$$PS=SR$$

Quantity A |
$\;\;\;\;\;\;\;\;\;\;\;\;\;\;\;\;\;\;\;\;\;\;\;\;\;\;\;\;\;\;\;\;\;\;\;\;\;\;\;\;\;\;\;\;\;\;\;\;\;\;\;\;\;\;\;\;\;\;\;\;\;$ | Quantity B |

$\;\;\;\;\;\;\;\;\;\;\;\;\;\;\;\;\;\;\;\;\;\;\;\;\;\;\;\;\;\;\;\;\;\;\;\;\;\;\;\;\;\;\;\;\;\;\;\;\;\;\;\;\;\;\;\;\;\;\;\;\;$ | ||

$x$ | $\;\;\;\;\;\;\;\;\;\;\;\;\;\;\;\;\;\;\;\;\;\;\;\;\;\;\;\;\;\;\;\;\;\;\;\;\;\;\;\;\;\;\;\;\;\;\;\;\;\;\;\;\;\;\;\;\;\;\;\;\;$ | $y$ |

- Quantity A is greater.
- Quantity B is greater.
- The two quantities are equal.
- The relationship cannot be determined from the information given

So, you were trying to be a good test taker and practice for the GRE with PowerPrep online. Buuuut then you had some questions about the quant section—specifically question 4 of Section 4 of Practice Test 1. Those Triangle questions can be kind of tricky, but never fear, PrepScholar has got your back!

## Survey the Question

Let’s search the problem for clues as to what it will be testing, as this will help shift our minds to think about what type of math knowledge we’ll use to solve this question. Pay attention to any words that sound math-specific and anything special about what the numbers look like, and mark them on your paper.

Hmm…since the problem has a **triangle** drawn and is asking about the **angles** in that triangle, it *probably* tests our **Triangles** math skill from geometry.

## What Do We Know?

Let’s carefully read through the question and make a list of the things that we know.

- We have two triangles
- They share one side
- Two of their other sides are equal in length
- We want to compare two angles between the triangles

## Develop a Plan

Since this is a Quantitative Comparison question, we don’t need to know the values of angles $x$ and $y$ in Quantities A and B. We just need to determine *if one of the angles is bigger than the other*. Since we are not specifically told that the figure is drawn to scale, we cannot **assume** that the figure is drawn to scale. For Quantitative Comparison questions, it is often times helpful to think of the **extreme values** the quantities can have so that we can determine the *range of possible values* for each quantity. **So let’s try to redraw the triangles in ways that can capture the extreme possible values for angles $x$ and $y$**.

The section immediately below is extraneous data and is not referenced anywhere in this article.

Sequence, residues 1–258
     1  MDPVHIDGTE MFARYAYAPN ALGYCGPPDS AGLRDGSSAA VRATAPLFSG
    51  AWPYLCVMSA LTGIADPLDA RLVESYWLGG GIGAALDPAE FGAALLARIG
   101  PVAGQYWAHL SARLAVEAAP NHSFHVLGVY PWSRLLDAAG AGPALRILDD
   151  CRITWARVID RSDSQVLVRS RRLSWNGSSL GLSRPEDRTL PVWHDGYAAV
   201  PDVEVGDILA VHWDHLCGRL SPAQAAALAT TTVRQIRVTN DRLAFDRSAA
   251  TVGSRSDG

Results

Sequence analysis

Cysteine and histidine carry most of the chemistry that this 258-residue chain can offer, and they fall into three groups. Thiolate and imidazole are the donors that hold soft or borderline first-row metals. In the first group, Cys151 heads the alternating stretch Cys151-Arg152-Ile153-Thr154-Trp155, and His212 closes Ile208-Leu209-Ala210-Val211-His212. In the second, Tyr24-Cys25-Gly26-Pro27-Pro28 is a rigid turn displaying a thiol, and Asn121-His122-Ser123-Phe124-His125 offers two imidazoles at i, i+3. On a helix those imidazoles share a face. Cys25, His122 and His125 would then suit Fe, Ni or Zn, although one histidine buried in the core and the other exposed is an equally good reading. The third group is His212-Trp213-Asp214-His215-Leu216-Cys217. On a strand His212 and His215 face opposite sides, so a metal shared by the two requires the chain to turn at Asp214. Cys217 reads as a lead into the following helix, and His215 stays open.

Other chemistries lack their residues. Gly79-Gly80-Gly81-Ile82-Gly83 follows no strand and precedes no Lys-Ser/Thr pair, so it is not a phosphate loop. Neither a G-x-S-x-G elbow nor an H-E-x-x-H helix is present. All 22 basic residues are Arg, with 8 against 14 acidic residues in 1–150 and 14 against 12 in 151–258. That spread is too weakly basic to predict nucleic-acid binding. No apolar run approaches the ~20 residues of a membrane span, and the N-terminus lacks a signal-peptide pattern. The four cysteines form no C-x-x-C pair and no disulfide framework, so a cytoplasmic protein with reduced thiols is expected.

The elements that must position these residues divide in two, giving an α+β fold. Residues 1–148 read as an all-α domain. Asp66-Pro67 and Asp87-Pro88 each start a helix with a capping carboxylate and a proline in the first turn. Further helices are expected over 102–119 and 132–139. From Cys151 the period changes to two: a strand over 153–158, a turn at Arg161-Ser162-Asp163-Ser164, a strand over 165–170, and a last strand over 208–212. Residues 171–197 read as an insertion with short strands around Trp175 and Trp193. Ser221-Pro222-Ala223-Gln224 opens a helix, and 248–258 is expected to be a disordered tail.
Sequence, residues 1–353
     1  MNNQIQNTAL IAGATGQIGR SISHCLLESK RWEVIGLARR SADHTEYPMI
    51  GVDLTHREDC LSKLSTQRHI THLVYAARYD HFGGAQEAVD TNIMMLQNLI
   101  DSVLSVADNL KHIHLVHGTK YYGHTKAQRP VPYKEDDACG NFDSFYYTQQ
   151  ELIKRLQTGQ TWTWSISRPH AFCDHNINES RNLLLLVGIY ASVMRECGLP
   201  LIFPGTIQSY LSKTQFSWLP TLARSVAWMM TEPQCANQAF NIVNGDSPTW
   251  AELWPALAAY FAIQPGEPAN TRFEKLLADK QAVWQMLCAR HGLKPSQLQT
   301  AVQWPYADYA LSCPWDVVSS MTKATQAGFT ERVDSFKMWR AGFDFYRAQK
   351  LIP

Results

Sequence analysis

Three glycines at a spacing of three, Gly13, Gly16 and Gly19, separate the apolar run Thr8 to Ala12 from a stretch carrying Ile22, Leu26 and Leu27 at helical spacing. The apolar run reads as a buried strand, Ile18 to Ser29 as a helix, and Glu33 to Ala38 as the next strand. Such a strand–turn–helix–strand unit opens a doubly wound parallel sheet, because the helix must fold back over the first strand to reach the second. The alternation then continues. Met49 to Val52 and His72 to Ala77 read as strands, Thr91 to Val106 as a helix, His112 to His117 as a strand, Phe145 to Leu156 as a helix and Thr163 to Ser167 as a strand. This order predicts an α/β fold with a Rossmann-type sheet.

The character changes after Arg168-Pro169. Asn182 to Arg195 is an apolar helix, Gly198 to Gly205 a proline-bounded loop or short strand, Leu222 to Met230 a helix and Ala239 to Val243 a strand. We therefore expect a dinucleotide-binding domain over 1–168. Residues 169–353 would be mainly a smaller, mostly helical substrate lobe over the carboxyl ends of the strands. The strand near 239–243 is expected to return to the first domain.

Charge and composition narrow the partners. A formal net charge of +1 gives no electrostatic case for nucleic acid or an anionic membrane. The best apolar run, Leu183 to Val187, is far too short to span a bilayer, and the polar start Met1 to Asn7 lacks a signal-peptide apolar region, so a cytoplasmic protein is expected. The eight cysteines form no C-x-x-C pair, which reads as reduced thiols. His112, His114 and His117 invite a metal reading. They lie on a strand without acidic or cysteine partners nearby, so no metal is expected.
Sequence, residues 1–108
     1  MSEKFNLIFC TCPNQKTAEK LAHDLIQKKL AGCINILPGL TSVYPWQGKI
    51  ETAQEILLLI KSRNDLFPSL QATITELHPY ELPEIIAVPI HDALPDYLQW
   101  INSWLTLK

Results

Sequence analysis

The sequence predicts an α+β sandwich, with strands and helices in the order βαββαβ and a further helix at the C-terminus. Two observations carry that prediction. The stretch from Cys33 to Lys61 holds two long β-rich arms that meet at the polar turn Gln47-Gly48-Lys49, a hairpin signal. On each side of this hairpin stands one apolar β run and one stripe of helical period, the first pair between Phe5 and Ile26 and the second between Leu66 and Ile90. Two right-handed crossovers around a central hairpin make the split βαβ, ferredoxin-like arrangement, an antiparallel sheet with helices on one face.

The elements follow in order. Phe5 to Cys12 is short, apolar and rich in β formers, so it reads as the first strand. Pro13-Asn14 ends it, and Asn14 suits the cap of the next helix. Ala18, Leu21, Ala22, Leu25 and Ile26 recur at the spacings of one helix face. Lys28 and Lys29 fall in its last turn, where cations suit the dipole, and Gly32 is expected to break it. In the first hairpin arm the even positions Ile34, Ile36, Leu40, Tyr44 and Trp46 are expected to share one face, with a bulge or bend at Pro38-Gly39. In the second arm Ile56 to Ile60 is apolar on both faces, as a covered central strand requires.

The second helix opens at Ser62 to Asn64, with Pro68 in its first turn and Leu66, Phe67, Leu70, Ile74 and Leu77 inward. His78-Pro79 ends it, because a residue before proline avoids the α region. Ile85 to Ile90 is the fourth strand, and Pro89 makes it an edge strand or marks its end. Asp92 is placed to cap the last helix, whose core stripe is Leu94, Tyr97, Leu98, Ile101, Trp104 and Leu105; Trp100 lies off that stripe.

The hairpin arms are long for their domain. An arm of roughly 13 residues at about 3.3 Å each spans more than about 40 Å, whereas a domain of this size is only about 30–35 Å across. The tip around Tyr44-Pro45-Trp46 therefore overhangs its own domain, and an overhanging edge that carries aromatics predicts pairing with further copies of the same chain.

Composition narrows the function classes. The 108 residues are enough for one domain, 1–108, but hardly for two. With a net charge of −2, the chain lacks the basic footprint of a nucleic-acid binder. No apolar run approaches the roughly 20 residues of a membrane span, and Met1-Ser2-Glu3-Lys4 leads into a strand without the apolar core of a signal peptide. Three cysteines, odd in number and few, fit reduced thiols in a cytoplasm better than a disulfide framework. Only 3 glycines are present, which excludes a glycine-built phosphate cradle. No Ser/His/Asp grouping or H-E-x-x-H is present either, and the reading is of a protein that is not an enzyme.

## Solve the Question

We know that sides $PS$ and $SR$ must be equal. However, the triangle doesn’t have much else in terms of things to constrain it. Let’s arbitrarily choose one of the quantities and try to find its extreme values. Quantity B is angle $y$, so let’s try to **draw triangles with $y$ as small as possible and $y$ as large as possible to capture its range of extreme values**.

We know that *as the side opposite of an angle within a triangle increases, that angle also increases*. So, if we want to vary angle $y$, then let’s change the length of the side of the triangle that is opposite of angle $y$, which is side $QS$.

Drawing a triangle with a short length for $QS$ we get:

**The correct answer is D, the relationship cannot be determined from the information given**as it is the only remaining answer choice since we eliminated A, B, and C.

## What Did We Learn

When we are not explicitly told that a figure is drawn to scale, we CANNOT ASSUME that it is drawn to scale. In fact, the most effective solution method might be finding ways to change the figure without violating any information given in the problem. This is particularly useful for Quantitative Comparison questions with figures where we are NOT specifically told that they are drawn to scale.

We also learned that a great way to vary the angle within a triangle is to change the length of the side opposite that angle.

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